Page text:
The first entry in a series of stories detailing my experiences and encounters in Plains, GA, birthplace and current residence of one James Earl Carter, Jr. To be followed up when I have access to wifi, electrical outlets, and maybe even both at the same time—a rare occurrence since Hurricane Irate.
First things first, Plains (pop. 637) is not convenient. Not a convenient place to live, not a convenient place to visit, certainly not a convenient place from which to run your presidential campaign. Three hours south of Atlanta, two and a half east of Montgomery, Al, two and a half north of Talahassee, with peanut farms extending as far as you can see in every direction—
What I am saying is this: you are going to be traveling for a while.
Driving a thousand miles home from West Branch, Iowa, only to head to Newark International Airport and board a flight to Orange County would have once seemed to me some surreal joke. Today, it has been woven seamlessly into the fabric of My Summer Vacation.
Yes, the rumors are true: after ten days on the road—about 2,998 miles total, according to Mapquest—Rachel and I returned in one piece from July’s Great Midwestern Odyssey. We saw eleven presidential birthplaces total (twelve if you count Jefferson Davis’s), a handful of presidential tombs and other pertinent sites, and more evangelical-themed billboards than I could shake a stick at. (I was too busy driving.) We pilgrimaged to Ohio Wesleyan (well…), trolled Jefferson Davis’s supremely phallic birthplace (sort of?), and met a Kentucky preacher. We took a Reagan Coloring Book from Tampico, a cornstalk from Iowa. We made it as far west as West Branch, IA; as far south as Fairview, KY; as far north as the Chicago suburbs. We traveled alongside an Amish wanderer in Kentucky, a Hells Angels herd in Pennsylvania, a gargantuan inflatable dinosaur in Ohio. We spent a night in Niles, OH; in Beachwood, OH; in Beachwood again; in Cincinnati; in Louisville; in Evansville, IN; in Springfield, IL; in West Branch, IA; in Schaumburg, IL; in Beachwood again; and, finally, back home in Chappaqua.
I spent my Fourth of July parading, silent and solemn, through the street (there is no plural) of Plymouth Notch, Vermont—birthplace of Calvin Coolidge, birthplace of this project. We began by the village green. We arrived at the grave. There I paid respects—and wished the late Vermonter a happy and healthy 139th. Coolidge, ever silent, said nothing in return.
I spent my Fourth of July traversing 160 miles of dotted white line. I followed I-91 south from central Vermont to New Haven, Connecticut: from the president who spoke too little (who remains still among the most articulate conservatives in presidential history) to he who talked too much (who ranks easily as the least articulate conservative in presidential history). I stopped at the Vermont Country Store for free samples, at Starbucks for free Wi-Fi, free outlet access, free restrooms. I paid for gas.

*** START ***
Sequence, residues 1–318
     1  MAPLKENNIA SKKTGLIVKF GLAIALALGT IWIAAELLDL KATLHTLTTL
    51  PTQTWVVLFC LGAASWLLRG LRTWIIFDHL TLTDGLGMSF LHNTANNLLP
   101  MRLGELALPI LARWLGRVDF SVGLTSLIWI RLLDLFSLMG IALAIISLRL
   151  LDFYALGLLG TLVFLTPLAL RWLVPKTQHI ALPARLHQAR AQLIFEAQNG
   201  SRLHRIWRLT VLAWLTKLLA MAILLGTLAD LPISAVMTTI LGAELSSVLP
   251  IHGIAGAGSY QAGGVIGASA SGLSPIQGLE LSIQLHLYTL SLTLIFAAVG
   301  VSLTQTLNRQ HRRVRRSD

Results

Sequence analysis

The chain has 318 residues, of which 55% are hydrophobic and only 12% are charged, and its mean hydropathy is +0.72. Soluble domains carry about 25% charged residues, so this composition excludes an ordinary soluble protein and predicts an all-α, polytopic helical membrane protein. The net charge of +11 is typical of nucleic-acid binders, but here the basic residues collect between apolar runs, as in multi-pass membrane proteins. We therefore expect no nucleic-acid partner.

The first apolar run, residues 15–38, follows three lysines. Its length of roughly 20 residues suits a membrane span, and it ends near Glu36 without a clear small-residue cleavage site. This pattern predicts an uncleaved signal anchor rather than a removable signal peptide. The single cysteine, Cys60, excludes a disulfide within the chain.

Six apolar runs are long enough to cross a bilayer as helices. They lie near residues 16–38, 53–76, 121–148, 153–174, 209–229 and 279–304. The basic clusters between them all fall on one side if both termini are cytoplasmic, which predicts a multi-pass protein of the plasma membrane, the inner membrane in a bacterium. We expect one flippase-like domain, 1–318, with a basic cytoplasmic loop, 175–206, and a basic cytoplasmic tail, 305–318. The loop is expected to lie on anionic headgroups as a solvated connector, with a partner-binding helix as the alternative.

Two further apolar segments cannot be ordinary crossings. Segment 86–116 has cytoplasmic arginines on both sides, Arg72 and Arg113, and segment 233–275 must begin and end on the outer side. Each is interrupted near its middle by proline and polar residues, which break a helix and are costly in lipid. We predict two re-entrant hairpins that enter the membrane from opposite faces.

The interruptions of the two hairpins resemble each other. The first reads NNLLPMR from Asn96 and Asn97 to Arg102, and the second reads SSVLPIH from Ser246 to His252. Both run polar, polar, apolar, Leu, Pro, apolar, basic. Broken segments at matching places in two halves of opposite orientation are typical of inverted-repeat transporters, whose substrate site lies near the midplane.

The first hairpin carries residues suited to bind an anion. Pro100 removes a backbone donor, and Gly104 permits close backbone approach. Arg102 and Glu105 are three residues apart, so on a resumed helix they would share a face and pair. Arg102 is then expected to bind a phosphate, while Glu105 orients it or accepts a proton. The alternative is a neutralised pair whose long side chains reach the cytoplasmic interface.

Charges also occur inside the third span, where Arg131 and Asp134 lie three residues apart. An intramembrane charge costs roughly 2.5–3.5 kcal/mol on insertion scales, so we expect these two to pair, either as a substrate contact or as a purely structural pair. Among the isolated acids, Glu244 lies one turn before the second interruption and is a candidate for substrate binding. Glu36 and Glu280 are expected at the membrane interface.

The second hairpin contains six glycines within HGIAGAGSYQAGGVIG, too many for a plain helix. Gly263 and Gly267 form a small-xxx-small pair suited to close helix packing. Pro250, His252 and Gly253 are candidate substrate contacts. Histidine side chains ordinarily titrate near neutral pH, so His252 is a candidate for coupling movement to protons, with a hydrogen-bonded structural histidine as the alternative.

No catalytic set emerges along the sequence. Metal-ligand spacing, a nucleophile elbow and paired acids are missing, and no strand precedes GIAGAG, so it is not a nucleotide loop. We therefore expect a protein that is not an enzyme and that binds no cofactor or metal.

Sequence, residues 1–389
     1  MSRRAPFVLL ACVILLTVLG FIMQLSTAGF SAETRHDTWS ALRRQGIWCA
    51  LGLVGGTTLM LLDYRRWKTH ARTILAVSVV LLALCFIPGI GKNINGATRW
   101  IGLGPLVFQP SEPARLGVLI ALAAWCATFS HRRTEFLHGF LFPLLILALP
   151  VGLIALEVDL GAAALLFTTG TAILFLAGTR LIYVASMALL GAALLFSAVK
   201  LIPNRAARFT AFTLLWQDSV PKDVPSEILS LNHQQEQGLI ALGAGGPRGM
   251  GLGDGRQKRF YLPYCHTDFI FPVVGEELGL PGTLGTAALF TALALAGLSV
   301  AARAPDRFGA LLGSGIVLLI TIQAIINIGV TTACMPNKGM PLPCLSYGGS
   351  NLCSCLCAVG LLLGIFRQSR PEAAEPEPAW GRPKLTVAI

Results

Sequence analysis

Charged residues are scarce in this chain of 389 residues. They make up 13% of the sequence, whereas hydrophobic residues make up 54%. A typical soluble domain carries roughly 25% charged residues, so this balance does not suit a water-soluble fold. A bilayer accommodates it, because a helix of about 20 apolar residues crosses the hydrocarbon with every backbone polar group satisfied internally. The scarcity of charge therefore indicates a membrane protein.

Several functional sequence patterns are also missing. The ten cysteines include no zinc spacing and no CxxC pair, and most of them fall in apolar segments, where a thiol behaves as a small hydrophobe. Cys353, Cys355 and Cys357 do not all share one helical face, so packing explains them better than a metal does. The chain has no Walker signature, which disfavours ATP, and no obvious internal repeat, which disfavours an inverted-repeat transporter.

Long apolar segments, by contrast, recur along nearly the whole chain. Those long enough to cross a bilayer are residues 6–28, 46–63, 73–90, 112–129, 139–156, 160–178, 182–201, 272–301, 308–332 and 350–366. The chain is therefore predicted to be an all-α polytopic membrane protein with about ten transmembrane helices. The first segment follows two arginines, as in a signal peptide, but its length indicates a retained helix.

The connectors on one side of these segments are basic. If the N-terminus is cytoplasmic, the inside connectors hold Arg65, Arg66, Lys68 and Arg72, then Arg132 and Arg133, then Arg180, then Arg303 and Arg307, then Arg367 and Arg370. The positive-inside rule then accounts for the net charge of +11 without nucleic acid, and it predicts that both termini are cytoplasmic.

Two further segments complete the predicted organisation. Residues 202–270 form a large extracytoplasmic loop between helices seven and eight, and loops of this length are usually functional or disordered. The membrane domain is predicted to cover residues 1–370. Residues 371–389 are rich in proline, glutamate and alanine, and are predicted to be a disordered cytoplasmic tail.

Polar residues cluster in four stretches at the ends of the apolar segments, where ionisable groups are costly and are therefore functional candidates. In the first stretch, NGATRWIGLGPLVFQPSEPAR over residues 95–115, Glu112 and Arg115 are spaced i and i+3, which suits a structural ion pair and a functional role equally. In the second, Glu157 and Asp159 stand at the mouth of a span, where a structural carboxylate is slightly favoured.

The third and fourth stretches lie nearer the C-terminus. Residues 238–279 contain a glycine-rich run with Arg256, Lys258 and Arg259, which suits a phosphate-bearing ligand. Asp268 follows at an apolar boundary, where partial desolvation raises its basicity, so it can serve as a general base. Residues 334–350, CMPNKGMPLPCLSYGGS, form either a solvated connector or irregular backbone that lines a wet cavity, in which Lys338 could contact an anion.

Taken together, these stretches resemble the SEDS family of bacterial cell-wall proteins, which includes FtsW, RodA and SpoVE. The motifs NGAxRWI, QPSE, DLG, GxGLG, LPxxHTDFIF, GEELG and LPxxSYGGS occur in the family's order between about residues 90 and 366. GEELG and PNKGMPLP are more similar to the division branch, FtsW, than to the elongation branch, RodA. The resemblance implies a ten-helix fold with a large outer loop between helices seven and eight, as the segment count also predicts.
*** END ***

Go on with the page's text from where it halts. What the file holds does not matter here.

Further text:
I spent my Fourth of July lurking sketchily outside an inner-city hospital complex, backpack and camera in tow, doctors swarming by like ants to bread. I must have appeared on some security camera, suspicious and lost. By some miracle of God, I was not detained.
In which I stumble upon my first presidential site by accident, and don’t know how to feel about it.
It’s been a month—a few days more, if you’re keeping track—and this project has officially become a parody of this project.
Let me explain. I made the drive yesterday from Middletown to Vermont, where I expect to see birthplaces of Presidents Arthur, Coolidge (where it all started, and where I plan to attend this birthday parade), and Pierce (in Hillsborough, New Hampshire). I’m blogging from Winhall, population 702.
But even on the road, I can’t get away. Presidential history is tailing me, relentless and wild, through the scenic trails of southern Vermont.
Happy birthday, Stan!
Rest assured: despite car trouble in Staunton, navigation trouble by the Lincoln Tunnel, and State Identity Crisis in Delaware, I have made it safely home from Virginia—just in time for my grandpa Stanley’s swinging 85th birthday bash (not pictured: Stan, swinging birthday bash). What a relief to spend time with living relatives rather than dead presidents! (Shockingly, they all want to hear about dead presidents.)
Stan was never president, but hell if he hasn’t lived enough history for two terms and more. He was born in the summer of 1926, during the second administration of my main man “Silent Cal,” whose post-apocalyptic Plymouth, VT, farm more or less spawned this unfathomable series of exploits whose genesis I still strive to understand. That places Stan just two years behind Carter and Bush I, if you’re keeping score. Speaking of birthday parties, here’s some prime info on Calvin Coolidge’s, which I certainly hope to attend next month, because what the hell else would I be celebrating on July 4?